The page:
to this design was separating for gender. Gender often plays a role in adolescent depression,
with scores between males and females differing in many studies. For this reason, I felt that
controlling for gender would be a useful caution. Randomization with balancing was used for
control. Gender was balanced out and then the participants were randomly assigned to either
group. 80 males and 91 females were chosen for the control group. 81 males and 90 females
were chosen for the experimental group. The students were asked not to discuss their therapy
sessions and were told there was only one type of therapy being administered to keep
expectations the same for both groups.
Each student took the Beck Depression Inventory (BDI) one week before therapy was
scheduled to begin. The BDI has been used since 1961 and has been tested for reliability and
validity in countless studies. The participants were then randomly assigned to a group of ten
within their assigned therapy group. This group would serve as their peer group in which all
members would undergo the same therapy. The reason for splitting up groups between the two
therapies was to increase personal interaction between student and counselor. The belief was
that groups much larger than ten could not act as effective therapeutic environments. Combined,
each level of the experiment had 16 peer groups of ten and one group of 11. The groups received
their respective therapy for one hour sessions twice a week. The control group was administered
group discussion by Terry Sharp, a middle school counselor brought in from Red Middle School.
The use of a counselor outside of the Blue school system was to control for any past
relationships the students might have with the current counselor at Blue Middle School. The
students in the control group were asked to discuss their weeks and problems in their lives. The
counselor would act as a guide for conversation, keeping the students on task, but not offering
techniques for help. The experimental group was administered by Ralph Sorenson, a cognitive
therapist with a PhD from Notre Dame. In this group, students were also asked to discuss
problems in their lives. Ralph however offered specific coping techniques and exercises to the
participants. These included keeping a journal of thoughts and feelings, motivational exercises
the students could use when feeling depressed, information on positive thinking, and positive
activities the students could engage in during the week. Students were also given specific goals
to work on before their next therapy sessions. The participants met twice a week for ten weeks.
A week after their last therapy session, the Beck Depression Inventory was re-administered.
Table one shows the differences in scores between the two tests for both groups. This
was calculated by subtracting the pre-therapy score from the post-therapy score. It displays an
accurate sample of the group data. Table two is a summary of the means of those scores. As
expected, the experimental group showed larger reductions in depressive scores. This supported
the original hypothesis: students receiving professionally trained therapy would have higher
decreases in depression than those given the sham therapy. The experimental group averaged a
13.7 decline between test one and test two. The control group showed an average decline of 5.8.
Though the actual levels between males and females differed, the general trend of the research
held for both genders. Figure one is a chart displaying the results, both for males and females.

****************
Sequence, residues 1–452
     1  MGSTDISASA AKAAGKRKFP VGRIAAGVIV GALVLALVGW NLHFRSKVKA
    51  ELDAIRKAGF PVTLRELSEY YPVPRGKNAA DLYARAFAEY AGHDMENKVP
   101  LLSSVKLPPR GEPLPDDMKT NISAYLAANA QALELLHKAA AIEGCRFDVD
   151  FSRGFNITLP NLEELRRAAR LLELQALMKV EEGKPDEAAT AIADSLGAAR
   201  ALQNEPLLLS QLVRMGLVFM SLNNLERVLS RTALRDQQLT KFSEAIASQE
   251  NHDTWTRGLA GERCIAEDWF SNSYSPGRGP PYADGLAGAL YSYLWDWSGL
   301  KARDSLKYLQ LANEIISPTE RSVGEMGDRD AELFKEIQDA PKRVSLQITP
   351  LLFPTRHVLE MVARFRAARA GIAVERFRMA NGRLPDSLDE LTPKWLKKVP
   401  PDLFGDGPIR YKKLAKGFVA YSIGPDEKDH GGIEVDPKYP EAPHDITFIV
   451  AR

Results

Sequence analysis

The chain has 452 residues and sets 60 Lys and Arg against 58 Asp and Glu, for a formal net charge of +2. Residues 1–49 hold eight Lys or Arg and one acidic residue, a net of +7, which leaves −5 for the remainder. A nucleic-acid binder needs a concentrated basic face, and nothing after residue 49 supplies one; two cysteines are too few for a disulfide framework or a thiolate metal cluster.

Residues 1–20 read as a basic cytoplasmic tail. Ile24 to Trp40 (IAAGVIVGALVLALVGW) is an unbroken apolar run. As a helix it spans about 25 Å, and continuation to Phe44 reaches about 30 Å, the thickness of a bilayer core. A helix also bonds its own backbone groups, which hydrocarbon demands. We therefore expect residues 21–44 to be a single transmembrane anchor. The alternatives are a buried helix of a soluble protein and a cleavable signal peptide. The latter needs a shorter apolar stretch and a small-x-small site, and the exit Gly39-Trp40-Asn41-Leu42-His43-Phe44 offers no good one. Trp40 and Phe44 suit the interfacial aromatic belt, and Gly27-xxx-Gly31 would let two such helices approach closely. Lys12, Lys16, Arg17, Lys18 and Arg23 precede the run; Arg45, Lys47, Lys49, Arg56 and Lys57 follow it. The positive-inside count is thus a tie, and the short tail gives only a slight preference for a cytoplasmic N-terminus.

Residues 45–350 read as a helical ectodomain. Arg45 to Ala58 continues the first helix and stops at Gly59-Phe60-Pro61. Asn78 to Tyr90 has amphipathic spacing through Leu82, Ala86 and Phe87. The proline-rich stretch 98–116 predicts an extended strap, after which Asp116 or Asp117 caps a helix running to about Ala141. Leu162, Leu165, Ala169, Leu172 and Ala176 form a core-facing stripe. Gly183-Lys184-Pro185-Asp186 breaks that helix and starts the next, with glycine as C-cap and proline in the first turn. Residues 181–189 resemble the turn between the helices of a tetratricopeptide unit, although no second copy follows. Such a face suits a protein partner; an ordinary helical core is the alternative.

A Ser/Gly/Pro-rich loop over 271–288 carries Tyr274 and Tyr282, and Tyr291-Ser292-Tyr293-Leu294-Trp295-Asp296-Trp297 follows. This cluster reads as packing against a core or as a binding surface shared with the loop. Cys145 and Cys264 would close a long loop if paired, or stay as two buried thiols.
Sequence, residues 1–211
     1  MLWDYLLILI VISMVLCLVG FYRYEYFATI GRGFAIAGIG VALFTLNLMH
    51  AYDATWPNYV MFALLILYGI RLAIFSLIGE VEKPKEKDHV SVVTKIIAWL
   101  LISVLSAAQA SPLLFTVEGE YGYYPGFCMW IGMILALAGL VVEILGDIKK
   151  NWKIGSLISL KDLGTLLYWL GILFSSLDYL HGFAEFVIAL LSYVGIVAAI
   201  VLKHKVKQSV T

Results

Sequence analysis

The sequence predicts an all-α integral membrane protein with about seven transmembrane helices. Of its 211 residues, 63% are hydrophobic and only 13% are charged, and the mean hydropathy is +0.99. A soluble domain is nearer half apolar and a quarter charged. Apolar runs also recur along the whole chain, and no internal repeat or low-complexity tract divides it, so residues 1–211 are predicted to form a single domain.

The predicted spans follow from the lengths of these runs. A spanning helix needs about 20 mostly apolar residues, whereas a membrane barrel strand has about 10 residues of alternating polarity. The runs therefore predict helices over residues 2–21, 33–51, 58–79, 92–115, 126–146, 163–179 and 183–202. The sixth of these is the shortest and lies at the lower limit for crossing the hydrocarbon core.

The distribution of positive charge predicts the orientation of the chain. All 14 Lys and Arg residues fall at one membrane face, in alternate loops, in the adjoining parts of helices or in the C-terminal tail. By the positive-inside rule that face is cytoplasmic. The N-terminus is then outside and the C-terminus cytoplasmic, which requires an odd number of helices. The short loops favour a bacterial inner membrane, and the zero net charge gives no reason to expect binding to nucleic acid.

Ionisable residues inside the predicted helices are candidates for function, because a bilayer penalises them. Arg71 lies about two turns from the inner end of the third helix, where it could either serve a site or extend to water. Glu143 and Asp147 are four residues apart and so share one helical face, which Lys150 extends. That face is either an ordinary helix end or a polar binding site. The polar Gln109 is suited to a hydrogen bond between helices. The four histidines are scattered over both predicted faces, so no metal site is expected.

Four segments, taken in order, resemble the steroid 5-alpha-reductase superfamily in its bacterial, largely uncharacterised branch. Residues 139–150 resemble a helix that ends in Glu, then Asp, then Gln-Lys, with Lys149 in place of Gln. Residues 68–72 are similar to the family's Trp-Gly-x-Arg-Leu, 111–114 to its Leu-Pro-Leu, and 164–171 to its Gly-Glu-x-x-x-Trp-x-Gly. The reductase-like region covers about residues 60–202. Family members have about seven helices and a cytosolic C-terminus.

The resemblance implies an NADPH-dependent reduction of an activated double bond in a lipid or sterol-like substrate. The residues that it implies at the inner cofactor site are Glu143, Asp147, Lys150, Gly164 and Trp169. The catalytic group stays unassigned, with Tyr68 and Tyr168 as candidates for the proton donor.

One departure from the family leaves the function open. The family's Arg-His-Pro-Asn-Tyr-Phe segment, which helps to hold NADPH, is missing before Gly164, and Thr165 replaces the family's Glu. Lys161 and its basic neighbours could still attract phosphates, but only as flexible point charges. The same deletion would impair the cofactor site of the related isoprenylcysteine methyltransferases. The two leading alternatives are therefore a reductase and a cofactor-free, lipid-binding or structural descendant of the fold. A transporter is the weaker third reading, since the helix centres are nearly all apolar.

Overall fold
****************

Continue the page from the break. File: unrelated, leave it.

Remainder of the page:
In summary, professional therapy had a greater impact on BDI scores than sham therapy, and
gender made little impact on the differences between scores.
Though more research needs to be done in this area, the results do provide some
implications. Schools would be well advised to provide resources and time to their counseling
programs, both to get qualified people in the right positions and also to increase the knowledge
base of depression in schools. This would help not only with recognizing depressive symptoms
in adolescents but also in treating such symptoms. Adolescence is critical time period to the
development of humans, and it will require such efforts to have a lasting impact on the
development of mood disorders.
Ethical Considerations
Deception is the major ethical concern in this study. The students are led to believe that
there is only one therapy group, when in fact half of them are receiving a placebo therapy. With
that in mind, I went into the research prepared to fully debrief the children afterwards. The
parents of those whose scores indicated mild-severe depression in both the control and
experimental group were alerted to the fact. Because my research did not cause such depression,
I have not offered continued therapy to said students. I have however, encouraged the Blue
School System to adopt my program.
Evans, J. R., Van Velsor, P. & Schumacher, J. E. (2002). Addressing adolescent depression: a
role for school counselors. Professional School Counseling, 5, 211-219. doi: 10.200200564-008
Moor, S., Maguire, A., McQueen, H., Wells, E. J., Wrate, R. & Blair, C. (2005). Improving the
recognition of depression in adolescence: can we teach the teacher? Journal of
Adolescence, 30, 81-95. doi: 10.1016/j.adolescence.2005.12.001
Table 1
Difference in males and females with two trials of Beck Depression Inventory Scores between
those with cognitive-behavioral therapy and those with group discussion
Type of Therapy
Group Discussion
Cognitive Behavioral Therapy
Table 2
Summary table of effects of independent variables (gender and therapy type) on differences in
mean scores for Beck Depression Inventory, as presented in Table 1
Therapy Type
Group Discussion
Figure 1. Difference in BDI scores for males and females between cognitive-behavioral therapy
Differences in BDI Scores
and group discussion group.
Therapy Type